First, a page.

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Posts Tagged ‘Problem solving’

Today  is Earth Day, and there is a lot going on. Funny thing, I don’t feel as inspired by the hype as I think I should.

For starters, I’m suspicious of hype. And although I am grateful that there is a movement of people, a ground swell attempting to make change, I’m also nervous. Because  see two different things happening at the same time: I see an energized faction — and a whole lot of status quo. A status quo that’s educated on the issues but just has other priorities right now. And me, despite this blog, I’m still teetering somewhere in the middle.

My garbage-colored lenses
Since I started this project,  my perspective has certainly shifted.

I don’t see just my friends eating lunch at their desks. I see the plastic container, the plastic bags and the utensils they used when they bought their deli salad. It’ll all go in the trash. And I totally understand why.

I see my mommy friends running after their kids with bottles of water. And I totally understand why.

I see supermarket aisles with boxes of things like coconut water  — tiny little drinks of trash. The display was almost as tall as I was which makes me  wonder, how many people must be buying this stuff. That one little market on 23 Street alone,  had aisles after aisles of boxes, and cans, and bottles.  There’s just so much stuff. Will my not buying a loaf of bread make a difference?

Food embargo time?
Food that used to make me feel cultured now makes me feel guilty. I see imported cheese and have a mixed reaction.  I still want the Swiss Gruyere from Switzerland — but now I have to wonder is deliciousness  worth the environmental damage? I guess imported is off my shopping list. Even as I write this sentence, I feel proseletizing — I’m boring myself.

Urban selection
Part of the joy of living in the city is the excitement of having options — different foods, music, theater, people, everything. Does trying to be sustainable paint me into some sort of boring box. The word provincial technically means that a person is restricted in the way they think about things. That includes palate. When I used to to says, that person’s taste in food is so provincial, it wasn’t a compliment.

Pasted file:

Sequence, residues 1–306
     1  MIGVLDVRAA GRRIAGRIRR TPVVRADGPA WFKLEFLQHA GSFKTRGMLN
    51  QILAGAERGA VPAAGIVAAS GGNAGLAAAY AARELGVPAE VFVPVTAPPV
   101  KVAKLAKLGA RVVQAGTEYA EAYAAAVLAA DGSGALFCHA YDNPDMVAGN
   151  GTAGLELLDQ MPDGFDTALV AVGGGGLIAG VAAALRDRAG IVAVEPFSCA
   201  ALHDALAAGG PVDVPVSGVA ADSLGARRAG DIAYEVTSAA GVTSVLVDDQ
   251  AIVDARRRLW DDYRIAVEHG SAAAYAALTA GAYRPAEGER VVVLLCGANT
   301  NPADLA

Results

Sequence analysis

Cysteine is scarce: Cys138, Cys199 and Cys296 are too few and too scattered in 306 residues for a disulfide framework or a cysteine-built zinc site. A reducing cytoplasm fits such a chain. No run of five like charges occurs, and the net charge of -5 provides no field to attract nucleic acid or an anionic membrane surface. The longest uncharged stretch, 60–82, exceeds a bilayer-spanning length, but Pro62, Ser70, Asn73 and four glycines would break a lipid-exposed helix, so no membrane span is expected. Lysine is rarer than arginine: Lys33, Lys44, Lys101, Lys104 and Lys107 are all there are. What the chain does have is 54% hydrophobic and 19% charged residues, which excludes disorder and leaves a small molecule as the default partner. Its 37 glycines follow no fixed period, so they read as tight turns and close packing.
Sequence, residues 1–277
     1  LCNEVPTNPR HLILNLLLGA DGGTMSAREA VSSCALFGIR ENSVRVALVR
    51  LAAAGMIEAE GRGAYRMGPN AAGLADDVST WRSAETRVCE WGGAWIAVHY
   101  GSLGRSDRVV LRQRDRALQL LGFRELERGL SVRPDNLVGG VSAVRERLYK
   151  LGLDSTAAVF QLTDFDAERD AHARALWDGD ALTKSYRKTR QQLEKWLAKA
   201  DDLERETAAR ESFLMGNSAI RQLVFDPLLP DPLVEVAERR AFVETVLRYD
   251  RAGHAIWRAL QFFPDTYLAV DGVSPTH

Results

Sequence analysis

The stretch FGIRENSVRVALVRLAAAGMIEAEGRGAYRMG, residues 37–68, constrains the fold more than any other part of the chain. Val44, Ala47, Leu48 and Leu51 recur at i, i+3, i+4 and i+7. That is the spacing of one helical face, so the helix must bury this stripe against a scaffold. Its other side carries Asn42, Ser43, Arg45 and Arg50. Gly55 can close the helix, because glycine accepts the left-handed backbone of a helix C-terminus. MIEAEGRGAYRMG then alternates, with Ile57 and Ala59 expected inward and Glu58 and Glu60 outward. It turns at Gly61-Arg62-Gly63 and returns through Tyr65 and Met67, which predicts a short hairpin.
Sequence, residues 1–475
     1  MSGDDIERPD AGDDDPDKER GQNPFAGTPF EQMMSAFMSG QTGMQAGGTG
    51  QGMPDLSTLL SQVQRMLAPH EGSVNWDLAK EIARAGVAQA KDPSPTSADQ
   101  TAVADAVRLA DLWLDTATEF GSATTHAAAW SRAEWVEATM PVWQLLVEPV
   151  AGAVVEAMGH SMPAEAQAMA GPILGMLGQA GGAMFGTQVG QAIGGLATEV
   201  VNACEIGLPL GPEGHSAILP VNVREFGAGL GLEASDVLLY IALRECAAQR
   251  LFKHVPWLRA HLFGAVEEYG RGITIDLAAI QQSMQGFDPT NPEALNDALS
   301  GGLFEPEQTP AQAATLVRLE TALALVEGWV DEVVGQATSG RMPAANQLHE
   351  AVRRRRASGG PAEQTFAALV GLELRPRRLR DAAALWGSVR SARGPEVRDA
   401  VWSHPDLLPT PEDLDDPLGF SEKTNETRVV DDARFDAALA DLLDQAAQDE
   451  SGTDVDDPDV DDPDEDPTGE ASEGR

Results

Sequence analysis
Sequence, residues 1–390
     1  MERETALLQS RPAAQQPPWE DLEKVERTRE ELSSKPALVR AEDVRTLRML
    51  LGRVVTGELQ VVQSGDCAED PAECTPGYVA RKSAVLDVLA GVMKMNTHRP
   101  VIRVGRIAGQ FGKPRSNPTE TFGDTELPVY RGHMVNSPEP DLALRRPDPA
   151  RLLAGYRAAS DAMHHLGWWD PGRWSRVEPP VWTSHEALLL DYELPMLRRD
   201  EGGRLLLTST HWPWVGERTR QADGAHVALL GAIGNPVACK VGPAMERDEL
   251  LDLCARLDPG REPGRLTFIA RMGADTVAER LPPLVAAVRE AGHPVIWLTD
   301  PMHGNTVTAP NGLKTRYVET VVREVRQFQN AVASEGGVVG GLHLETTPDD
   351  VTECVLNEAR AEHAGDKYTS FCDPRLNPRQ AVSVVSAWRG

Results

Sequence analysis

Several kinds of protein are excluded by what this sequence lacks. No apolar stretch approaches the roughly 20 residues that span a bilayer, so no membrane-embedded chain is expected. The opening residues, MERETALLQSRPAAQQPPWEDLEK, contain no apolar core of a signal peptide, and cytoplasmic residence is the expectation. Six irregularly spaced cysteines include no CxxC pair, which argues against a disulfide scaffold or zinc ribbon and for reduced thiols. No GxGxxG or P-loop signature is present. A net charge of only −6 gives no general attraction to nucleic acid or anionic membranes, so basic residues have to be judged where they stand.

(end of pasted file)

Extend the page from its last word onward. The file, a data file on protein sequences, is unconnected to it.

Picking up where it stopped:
Problems, problems, problems
Part of what’s going on is that each one of these silly little day-to-day connundrums sends me in a panic. The anxiety of rethinking every detail of my life.

Do I pick up a bottle of water from the store when a friend asks?
Do I say, we can’t have lunch in this restaurant in the park because they’re serving food in take out containers?

Yesterday, when these two little puzzlers came up, I opted for the polite and just went with it. Then I felt bad.

In truth, these are teachable moments. For other people and myself. I love that restaurant in the park. I wonder if I said, I can’t eat here because you use take out containers, if they would rethink the issue. If everyone stopped going because we didn’t want to have a side of garbage with our lentil soup, they would have to.

Sustainable Actions
It seems that it takes a lot to make us shift our perspective. Yesterday I blogged about how I am not going to buy certain things once they run out. Right now my list includes aluminum foil, paper towels, napkins, plastic wrap, plastic bags. I was thinking of adding toilet paper in honor of No Impact Man, but I need to see what they actually used — but not giving it up completely if we run out. I thought I’d just make them go without for a day.

As a parent, I want to make my children feel that they are safe and that I can provide for them. I think it’s hard for them to really understand what not having could really mean.

Right now, we think we have a choice to be green. Or how green to be. We really aren’t getting in a tangible way how our choice to not be green is a choice to go without. Even I don’t really get it — I’m still whining like a baby that I can’t have a cup of coffee or get take out at lunch.

I think this little “Earth Day”  experiment could help. I haven’t told the kids yet. Stay tuned for their reaction.


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